Throughout the course of our Responsive Web Design (RWD) blog series, we have been talking a lot about the what and why of RWD. We have also looked at some processes and workflows, including paper prototyping and guerrilla user testing. So we thought it was time to take a look at some case studies and examples of real live websites that are designed responsively. This is an exciting time as some big enterprise companies have taken on the challenging task of creating responsive sites. In this post we are going to survey some of the inspiring and exciting examples out there.
In 2011, the Boston Globe teamed up with Upstatement. the Filament Group and grand-daddy of responsive design Ethan Marcotte, to build an HTML5 responsive Boston Globe site. The team worked to ensure news layouts would not be dictated by the homepage layout, but rather that the homepage layout could adapt in a way that best displays the content. The Boston Globe’s quality journalism moved forward into the multi-device, digital world with graceful ease, thanks to this responsive redesign.
In 2012 Starbucks redesigned their site to be responsive. They were one of the first big retailers to take this step. The announcement on their blog points to analytics around the types of devices people were using to access as the impetus for the redesign. The growth in mobile and tablet traffic is of course one of the core reasons to consider implementing a responsive site. A very interesting aspect of this redesign was that Starbucks published their responsive style guide online. The style guide explains the grid frame work, various layout options, and site components with instructions, code samples and illustrations. It is a really comprehensive guide and a fantastic resource.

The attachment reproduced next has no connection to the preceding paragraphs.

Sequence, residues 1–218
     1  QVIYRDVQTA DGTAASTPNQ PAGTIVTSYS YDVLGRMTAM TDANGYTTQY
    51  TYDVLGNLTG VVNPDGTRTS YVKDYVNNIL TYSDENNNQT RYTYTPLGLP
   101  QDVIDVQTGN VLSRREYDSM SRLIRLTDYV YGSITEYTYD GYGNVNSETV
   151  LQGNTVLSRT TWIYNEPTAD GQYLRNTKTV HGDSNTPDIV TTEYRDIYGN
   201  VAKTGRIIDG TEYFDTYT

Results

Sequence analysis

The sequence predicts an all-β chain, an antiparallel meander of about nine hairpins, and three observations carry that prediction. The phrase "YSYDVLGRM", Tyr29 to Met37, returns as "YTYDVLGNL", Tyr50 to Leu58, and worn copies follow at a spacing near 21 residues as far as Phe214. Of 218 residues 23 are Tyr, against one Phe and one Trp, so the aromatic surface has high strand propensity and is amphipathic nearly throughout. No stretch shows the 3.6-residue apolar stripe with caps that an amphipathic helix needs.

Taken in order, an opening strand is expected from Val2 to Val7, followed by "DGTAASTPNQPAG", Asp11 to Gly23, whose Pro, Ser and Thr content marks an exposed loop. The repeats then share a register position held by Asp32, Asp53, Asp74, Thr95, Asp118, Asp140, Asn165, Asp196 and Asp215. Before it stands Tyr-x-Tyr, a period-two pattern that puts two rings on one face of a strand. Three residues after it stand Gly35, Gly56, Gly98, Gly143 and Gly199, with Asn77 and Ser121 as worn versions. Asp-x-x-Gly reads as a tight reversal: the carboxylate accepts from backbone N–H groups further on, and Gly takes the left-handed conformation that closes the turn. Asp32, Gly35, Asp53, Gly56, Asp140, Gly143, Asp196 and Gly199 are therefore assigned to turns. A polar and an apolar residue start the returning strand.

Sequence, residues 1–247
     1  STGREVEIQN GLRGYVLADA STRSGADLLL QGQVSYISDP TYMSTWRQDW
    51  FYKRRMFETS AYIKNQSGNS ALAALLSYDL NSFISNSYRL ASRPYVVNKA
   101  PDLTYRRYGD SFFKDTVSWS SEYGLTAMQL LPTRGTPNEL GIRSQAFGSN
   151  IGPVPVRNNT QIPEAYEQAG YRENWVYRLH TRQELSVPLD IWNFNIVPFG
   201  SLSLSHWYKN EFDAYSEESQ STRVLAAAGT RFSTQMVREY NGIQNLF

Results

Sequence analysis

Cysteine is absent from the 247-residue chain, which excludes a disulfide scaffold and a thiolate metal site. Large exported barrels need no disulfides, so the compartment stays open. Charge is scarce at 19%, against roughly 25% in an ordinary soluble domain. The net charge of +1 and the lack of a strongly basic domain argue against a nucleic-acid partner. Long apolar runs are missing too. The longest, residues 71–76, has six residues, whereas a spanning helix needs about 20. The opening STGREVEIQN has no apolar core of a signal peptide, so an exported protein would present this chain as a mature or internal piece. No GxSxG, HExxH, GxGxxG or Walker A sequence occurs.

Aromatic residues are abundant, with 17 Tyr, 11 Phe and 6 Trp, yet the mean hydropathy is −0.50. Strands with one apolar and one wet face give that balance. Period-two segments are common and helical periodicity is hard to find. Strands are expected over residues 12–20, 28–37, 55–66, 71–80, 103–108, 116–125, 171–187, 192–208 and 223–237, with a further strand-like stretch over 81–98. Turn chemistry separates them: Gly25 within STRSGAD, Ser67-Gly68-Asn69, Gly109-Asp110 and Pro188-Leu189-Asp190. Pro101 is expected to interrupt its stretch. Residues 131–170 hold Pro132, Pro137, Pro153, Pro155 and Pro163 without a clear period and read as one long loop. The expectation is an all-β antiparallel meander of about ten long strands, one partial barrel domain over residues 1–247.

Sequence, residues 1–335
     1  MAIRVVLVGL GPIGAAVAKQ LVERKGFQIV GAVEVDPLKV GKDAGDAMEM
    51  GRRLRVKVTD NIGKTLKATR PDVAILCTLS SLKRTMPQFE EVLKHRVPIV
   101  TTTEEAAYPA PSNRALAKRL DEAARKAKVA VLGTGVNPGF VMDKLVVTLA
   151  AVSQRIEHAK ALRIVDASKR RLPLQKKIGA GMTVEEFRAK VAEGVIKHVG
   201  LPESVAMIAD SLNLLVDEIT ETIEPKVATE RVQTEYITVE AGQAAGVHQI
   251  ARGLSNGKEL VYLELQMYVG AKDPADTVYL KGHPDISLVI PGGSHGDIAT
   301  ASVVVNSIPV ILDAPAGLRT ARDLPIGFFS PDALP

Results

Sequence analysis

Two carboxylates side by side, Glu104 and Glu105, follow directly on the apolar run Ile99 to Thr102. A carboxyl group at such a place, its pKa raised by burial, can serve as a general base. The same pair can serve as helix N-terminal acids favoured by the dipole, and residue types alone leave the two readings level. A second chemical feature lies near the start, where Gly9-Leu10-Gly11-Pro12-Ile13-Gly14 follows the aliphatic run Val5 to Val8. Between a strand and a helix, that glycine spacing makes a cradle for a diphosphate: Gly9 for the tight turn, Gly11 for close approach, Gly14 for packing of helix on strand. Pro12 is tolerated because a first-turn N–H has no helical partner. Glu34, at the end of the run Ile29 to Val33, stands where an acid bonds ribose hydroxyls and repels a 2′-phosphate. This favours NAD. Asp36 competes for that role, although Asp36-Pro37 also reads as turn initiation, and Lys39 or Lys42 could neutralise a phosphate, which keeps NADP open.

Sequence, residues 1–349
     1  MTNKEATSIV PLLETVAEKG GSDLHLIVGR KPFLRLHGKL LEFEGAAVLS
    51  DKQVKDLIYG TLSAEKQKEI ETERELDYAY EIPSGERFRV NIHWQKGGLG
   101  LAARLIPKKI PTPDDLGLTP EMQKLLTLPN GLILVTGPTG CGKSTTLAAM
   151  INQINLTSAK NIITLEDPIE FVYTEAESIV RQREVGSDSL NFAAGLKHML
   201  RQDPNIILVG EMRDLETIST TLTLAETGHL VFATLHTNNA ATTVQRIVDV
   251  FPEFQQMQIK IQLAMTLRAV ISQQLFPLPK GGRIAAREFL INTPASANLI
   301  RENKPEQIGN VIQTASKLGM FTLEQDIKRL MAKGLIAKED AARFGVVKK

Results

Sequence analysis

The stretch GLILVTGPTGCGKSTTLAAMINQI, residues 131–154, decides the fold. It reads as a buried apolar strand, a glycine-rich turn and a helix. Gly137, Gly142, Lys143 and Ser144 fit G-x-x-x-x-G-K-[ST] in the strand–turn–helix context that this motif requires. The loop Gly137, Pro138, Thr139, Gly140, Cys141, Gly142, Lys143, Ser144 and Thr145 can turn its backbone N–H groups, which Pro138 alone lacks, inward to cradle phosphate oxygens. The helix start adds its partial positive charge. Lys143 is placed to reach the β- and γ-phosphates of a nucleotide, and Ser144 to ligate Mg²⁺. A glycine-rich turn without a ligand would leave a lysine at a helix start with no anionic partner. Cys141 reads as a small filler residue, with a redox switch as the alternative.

The recent UK government website redesign has our digital hearts all a-flutter at Usability Matters! The redesigned gov.uk site is the winner of the 2013 Design of the Year Award from the UK Design Museum. The huge growth in traffic from mobile devices has meant that governments everywhere have needed to create a robust mobile strategy, and in the UK responsive design is the winner: “When it comes to mobile, we’re backing open web standards (HTML5). We’re confident that for government services, the mobile web is a winner, both from a user and cost perspective.” The project has a fantastic set of design principles which we highly recommend exploring, and can be spotted hanging up around our office! The purpose of the site is to help you find information quickly, and showcases well-thought out content and structure.
An ongoing and exciting responsive project is the redesign of Telus.com. A beta version of the new site is live and allows the team to gather input from real users, enabling a truly iterative process. The mobile site got off the ground in only 4 months, with updates almost every week. Telus created an internal digital lab of key people from the company and partnering digital enterprises to enable a lean process “built on a foundation of consumer feedback.” It is very exciting and inspiring to see a big enterprise company like Telus take on the challenge of designing responsively, in an iterative way, showing their designs to the real world at prototype stage!
So there you have it, some ground-breaking and inspiring case studies of responsive design out in the real world. If you would like to read more about our approach to responsive design at Usability Matters, check out this case study of our work with Sportsnet! Till next time, stay responsive!
image credit: http://ryanswarts.com/responsive/plain/